Are Australia’s cities getting “too big”? And if so, is decentralisation the answer? (image source: TechCentral)

Sunday Age columnist Farrah Tomazin reckons Melbourne is at risk of choking on its own growth and won’t be able to sustain a doubling of population by the 2050s “without a coherent plan to decentralise more of that growth into regional or rural areas”. She says population growth is Victoria’s biggest political issue:

It’s the underlying factor when it comes to transport, with a recent infrastructure study finding that as a nation we’re spending an average of 85 minutes a day stuck in traffic, at a congestion cost of almost $16 billion.

It’s the underlying factor when it comes to education and health, with figures showing some people are still waiting years to see a specialist doctor in a public hospital, or that Victoria will need 220 new schools in the next decade to meet enrolment forecasts.

The answer, she says, is to use “levers such as new employment opportunities, tax incentives or housing policies” to decentralise population growth:

Why not relocate more government departments and agencies to regional towns, following in the footsteps of the WorkCover head-office shifting to Geelong?

Why not aggressively market certain areas as employment hubs for specific industries: the south-west coast, for instance, could become the new home of renewable energy jobs, or Bendigo could be branded as regional Victoria’s chief financial district.

There’s more than a measure of hypebole in this argument. Melburnians travel on average for 66 minutes per day in total and only a small proportion of that could be described as “stuck in traffic”. The demand for public hospital places and for new schools is largely independent of whether population growth is concentrated in Melbourne or the regions.

But Ms Tomazin’s view on what needs to be done to manage growth is a popular prescription. It’s consistent with the current strategic plan for Melbourne released in 2013, Plan Melbourne. It’s upfront about embracing the idea of attracting population growth out of Melbourne to regional cities; it has a chapter titled a State of Cities (see Can the regions save cities from sprawl?).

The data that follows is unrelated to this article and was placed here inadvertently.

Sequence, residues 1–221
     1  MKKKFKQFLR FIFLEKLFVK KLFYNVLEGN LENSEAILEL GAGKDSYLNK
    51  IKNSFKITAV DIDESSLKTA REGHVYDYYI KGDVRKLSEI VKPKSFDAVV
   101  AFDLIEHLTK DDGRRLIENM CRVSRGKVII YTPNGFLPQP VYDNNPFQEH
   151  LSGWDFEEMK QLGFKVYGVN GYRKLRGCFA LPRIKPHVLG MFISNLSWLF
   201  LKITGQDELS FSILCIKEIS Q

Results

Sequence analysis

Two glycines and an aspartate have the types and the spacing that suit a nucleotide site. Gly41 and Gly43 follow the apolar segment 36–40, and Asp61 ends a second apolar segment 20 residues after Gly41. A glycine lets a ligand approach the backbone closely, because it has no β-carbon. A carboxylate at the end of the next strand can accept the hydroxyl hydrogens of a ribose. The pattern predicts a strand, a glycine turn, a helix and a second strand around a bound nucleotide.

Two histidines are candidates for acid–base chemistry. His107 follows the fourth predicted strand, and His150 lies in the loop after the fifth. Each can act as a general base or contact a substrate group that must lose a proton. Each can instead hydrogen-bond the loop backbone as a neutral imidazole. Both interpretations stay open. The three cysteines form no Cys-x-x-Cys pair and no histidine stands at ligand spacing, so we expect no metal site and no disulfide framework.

Decentralisation is one of those enduring aspirations Australian politicians love. It’s almost magical; it promises to relieve the big cities of diseconomies of scale and simultaneously boost the economic prospects of declining country towns. Moreover, it sounds ‘big picture’ and, best of all, the cost and pain lie beyond the current political cycle.

The problem though is active decentralisation policy has never worked in Australia. Despite the great decentralisation experiment of the Whitlam years, Australians remain wedded to their big cities. Melbourne, for example, gets 88% of Victoria’s population growth.

The key problem is it’s almost impossible to get employers to relocate from big cities to regional centres. Whitlam had the great advantage of focussing relocation incentives on firms in the manufacturing sector – where firms are relatively agnostic about location – but his efforts had little effect.

It’s much harder now than it was in the 1970s because manufacturing industry is much less important. The growth is in services industries which are generally more sensitive to location; the industries nominated by Ms Tomazin as candidates for decentralisation – finance and government – value agglomeration extremely highly.

Bendigo has the headquarters of Bendigo Bank, but there’s no prospect of it becoming “Victoria’s financial district” as Ms Tomazin imagines. The financial services industry likes city centres more than any other sector, especially Sydney’s CBD and, to a lesser extent, Melbourne’s.